That on or about the 7th day of February, 2010 in the Municipality of Aurora, Province of Isabela, Philippines and within the jurisdiction of this Honorable Court, the accused RICHARD DILLATAN, SR. y PAT and DONATO GARCIA y DUAZO, conspiring, confederating together, and helping one another, with intent to gain and by means of force, violence and intimidation against persons, did then and there, willfully, unlawfully and feloniously, take, steal and carry away a belt bag containing cash money in the amount of SEVENTY THOUSAND PESOS (P70,000.00) and belonging to [complainants] against their will and consent to the damage and prejudice of the said owners, in the aforesaid amount of SEVENTY THOUSAND PESOS (P70,000.00).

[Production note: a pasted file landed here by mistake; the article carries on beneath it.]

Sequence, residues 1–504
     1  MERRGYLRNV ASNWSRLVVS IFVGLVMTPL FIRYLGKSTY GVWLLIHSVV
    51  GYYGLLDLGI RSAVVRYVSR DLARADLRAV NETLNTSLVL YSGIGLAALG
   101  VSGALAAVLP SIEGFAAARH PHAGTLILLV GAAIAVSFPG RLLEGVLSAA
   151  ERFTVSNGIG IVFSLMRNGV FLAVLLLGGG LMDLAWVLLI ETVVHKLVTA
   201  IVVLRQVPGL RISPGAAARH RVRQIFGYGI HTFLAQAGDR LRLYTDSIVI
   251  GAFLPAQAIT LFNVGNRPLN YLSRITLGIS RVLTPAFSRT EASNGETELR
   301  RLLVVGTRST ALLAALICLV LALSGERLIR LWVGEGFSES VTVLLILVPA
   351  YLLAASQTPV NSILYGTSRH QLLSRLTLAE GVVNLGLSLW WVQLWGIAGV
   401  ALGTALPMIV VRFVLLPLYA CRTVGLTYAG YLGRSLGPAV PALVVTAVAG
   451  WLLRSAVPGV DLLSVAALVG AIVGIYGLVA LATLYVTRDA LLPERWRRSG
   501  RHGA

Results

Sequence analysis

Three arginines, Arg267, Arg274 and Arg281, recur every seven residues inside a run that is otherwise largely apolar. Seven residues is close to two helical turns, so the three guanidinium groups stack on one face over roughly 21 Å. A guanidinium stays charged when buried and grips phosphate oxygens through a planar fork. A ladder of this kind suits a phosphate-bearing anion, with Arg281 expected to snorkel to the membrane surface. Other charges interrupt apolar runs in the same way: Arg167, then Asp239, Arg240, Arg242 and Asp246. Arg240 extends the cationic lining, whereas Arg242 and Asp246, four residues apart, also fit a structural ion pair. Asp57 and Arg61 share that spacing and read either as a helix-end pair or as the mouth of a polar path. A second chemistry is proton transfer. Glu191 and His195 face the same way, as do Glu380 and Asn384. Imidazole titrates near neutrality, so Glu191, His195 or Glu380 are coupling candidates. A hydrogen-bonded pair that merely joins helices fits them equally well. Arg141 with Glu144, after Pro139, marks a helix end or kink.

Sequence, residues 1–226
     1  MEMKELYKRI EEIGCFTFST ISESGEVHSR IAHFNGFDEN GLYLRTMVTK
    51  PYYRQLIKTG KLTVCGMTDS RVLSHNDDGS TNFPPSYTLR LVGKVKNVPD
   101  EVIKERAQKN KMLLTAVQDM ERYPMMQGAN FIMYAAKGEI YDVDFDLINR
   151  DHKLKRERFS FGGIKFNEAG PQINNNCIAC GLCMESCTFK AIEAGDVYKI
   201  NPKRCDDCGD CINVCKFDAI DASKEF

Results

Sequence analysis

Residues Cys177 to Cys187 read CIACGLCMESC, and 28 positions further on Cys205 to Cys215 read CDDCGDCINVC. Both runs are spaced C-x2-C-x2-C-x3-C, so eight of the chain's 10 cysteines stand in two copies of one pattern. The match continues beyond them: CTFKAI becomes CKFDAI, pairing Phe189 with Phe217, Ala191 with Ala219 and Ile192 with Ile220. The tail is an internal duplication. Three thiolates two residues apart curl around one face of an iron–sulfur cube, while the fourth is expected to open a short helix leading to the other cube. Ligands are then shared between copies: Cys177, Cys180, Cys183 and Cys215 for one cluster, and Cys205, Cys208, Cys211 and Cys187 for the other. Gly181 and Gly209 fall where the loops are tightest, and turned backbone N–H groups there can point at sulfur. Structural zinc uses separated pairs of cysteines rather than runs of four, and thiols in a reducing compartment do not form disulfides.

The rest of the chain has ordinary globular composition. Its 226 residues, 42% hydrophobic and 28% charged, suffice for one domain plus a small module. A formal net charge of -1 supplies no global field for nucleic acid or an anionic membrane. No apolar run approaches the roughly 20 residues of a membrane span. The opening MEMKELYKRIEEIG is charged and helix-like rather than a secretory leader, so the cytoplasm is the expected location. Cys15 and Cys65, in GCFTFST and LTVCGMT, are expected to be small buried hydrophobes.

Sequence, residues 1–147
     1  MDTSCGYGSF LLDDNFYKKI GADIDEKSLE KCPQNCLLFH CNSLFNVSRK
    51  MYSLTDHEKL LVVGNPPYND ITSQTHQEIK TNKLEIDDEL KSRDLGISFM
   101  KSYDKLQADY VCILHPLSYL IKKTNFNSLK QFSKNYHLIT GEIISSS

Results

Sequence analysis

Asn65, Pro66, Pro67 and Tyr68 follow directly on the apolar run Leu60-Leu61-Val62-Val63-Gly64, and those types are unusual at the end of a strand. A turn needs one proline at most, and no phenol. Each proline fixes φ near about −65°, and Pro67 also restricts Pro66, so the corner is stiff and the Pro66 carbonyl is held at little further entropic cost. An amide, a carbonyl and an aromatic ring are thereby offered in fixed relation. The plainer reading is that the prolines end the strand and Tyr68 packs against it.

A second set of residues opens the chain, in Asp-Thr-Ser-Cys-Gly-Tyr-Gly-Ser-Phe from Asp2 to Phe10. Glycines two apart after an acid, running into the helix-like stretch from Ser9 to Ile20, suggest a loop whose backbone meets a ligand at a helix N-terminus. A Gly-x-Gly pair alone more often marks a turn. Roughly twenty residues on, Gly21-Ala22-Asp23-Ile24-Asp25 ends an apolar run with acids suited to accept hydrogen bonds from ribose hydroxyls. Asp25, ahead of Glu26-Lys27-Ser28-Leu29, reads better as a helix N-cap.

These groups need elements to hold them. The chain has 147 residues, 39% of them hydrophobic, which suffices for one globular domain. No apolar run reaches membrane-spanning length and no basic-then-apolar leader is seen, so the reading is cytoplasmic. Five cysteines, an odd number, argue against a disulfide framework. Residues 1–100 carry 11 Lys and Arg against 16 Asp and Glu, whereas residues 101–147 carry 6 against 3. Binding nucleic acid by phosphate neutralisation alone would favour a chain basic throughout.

That during the occasion and by reason of the said robbery, the said accused in pursuance of their conspiracy, and to enable them to take, [steal] and bring away the said amount of SEVENTY THOUSAND PESOS (P70,000.00), with intent to kill and without any just motive, did then and there willfully, unlawfully and feloniously assault, attack and shoot the [person] of Homer Acob on his chest which directly caused his death and the bullet penetrating Homer Acob's body and hitting Violeta Acob inflicting gunshot wound on [her] left hand and Henry Acob hitting him on his right knee, which injuries would ordinarily cause the death of said Violeta Acob and Henry Acob, thus, performing all the acts of execution which should have produced the crime of homicide, as a consequence, but nevertheless, did not produce it, by reason of causes independent of their will, that is by the timely and able medical assistance rendered to the said Violeta Acob and Henry Acob, which prevented their death.